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Twenty years of BRICS: Who wins and who loses among emerging countries

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On November 30, 2001, Jim O’Neill, chief economist at Goldman Sachs, signed a global economic paper that will go down in history. The title is a complete program: Building better global economies for BRICS countriesa pun between the newly coined acronym (Bric, or the initials of Brazil, Russia, India and China) and a literal translation that might sound like “building the best molds of the global economy.”

The Quartet will be joined later by another emerging at the time of good hopes, South Africa, to extend the acronym to “BRICS”.

In his analysis, Britain’s O’Neill, who will also become trade minister in Cameron’s government, reflects on how the potential economic prosperity of these emerging countries will affect the global governance system that was dominated at the time by the United States-centered Europe.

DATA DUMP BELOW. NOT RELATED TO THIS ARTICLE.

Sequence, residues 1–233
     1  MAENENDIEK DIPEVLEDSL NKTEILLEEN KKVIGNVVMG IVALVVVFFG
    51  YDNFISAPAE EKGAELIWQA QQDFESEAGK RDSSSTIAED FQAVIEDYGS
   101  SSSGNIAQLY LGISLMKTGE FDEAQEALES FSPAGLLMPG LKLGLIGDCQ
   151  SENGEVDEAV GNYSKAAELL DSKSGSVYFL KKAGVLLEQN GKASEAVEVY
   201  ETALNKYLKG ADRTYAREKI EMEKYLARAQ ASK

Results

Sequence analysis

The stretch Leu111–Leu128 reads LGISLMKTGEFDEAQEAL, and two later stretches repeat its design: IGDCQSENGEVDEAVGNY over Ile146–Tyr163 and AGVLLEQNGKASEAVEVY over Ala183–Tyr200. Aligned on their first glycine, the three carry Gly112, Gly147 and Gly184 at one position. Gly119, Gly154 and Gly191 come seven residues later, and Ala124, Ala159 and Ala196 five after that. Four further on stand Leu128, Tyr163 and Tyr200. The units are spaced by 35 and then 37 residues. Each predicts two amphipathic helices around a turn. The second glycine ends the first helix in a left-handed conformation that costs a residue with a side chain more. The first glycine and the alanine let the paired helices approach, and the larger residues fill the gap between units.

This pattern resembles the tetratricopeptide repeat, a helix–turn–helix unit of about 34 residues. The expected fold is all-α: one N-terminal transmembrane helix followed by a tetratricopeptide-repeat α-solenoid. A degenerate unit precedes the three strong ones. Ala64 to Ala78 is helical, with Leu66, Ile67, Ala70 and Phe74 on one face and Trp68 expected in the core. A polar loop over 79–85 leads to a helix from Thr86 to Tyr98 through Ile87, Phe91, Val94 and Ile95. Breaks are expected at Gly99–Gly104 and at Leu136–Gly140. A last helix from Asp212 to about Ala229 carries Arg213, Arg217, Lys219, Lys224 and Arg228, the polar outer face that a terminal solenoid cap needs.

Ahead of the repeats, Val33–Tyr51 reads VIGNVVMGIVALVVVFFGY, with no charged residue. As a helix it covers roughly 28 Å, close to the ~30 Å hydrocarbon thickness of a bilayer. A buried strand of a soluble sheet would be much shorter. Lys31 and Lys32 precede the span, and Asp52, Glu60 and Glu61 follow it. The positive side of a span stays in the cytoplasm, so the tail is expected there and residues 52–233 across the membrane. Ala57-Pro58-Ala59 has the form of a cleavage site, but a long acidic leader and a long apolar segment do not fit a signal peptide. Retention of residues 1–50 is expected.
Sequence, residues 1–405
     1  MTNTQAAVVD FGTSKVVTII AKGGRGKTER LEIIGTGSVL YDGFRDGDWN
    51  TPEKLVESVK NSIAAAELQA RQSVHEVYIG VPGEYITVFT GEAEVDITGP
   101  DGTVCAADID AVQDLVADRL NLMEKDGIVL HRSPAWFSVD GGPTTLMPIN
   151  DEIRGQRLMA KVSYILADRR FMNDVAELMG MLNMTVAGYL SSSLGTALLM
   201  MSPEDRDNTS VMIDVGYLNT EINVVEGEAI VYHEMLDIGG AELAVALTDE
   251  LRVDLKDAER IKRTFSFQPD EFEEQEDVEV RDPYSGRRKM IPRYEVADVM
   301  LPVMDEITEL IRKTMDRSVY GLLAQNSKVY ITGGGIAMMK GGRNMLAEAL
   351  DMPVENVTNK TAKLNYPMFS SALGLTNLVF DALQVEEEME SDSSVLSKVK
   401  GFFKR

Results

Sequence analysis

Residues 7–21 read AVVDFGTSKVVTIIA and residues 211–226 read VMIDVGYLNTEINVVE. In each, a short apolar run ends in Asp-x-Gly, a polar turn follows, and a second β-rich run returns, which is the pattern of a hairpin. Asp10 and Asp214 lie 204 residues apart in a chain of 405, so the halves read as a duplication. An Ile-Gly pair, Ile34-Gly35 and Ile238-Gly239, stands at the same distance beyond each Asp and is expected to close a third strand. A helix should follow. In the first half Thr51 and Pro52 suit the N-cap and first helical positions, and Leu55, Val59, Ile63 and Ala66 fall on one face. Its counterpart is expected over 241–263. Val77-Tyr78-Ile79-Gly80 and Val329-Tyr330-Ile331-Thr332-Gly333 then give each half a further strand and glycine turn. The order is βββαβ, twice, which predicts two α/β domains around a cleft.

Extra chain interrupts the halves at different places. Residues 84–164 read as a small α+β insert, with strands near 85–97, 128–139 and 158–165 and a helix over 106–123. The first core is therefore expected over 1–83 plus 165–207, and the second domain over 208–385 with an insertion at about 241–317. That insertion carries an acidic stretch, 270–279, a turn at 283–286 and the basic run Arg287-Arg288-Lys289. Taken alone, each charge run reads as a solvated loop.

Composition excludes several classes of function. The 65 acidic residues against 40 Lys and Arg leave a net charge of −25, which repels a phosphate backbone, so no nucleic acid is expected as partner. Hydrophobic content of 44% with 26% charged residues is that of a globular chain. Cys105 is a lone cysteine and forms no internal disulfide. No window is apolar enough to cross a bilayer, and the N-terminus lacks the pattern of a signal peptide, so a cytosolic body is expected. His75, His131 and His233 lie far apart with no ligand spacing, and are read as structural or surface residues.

Four scenarios for emerging powers

“While I outlined four different scenarios for how the global economy might become in 2010 – O’Neill wrote recently – three of them assumed growth in the ‘slice’ of global GDP owned by the four major emerging countries. Ultimately, the decade 2000 turned out to be the -2010 of the BRICS countries is better than all my expectations. It is a pity that until the 2008 financial crisis there was practically no change in the system of global governance, ”explains the economist, noting that even after those years little has changed, after the peaks of The Group of Twenty and some reforms in the International Monetary Fund and the World Bank.

But more than twenty years after that famous paper, how have Brazil, Russia, India, China and South Africa changed?

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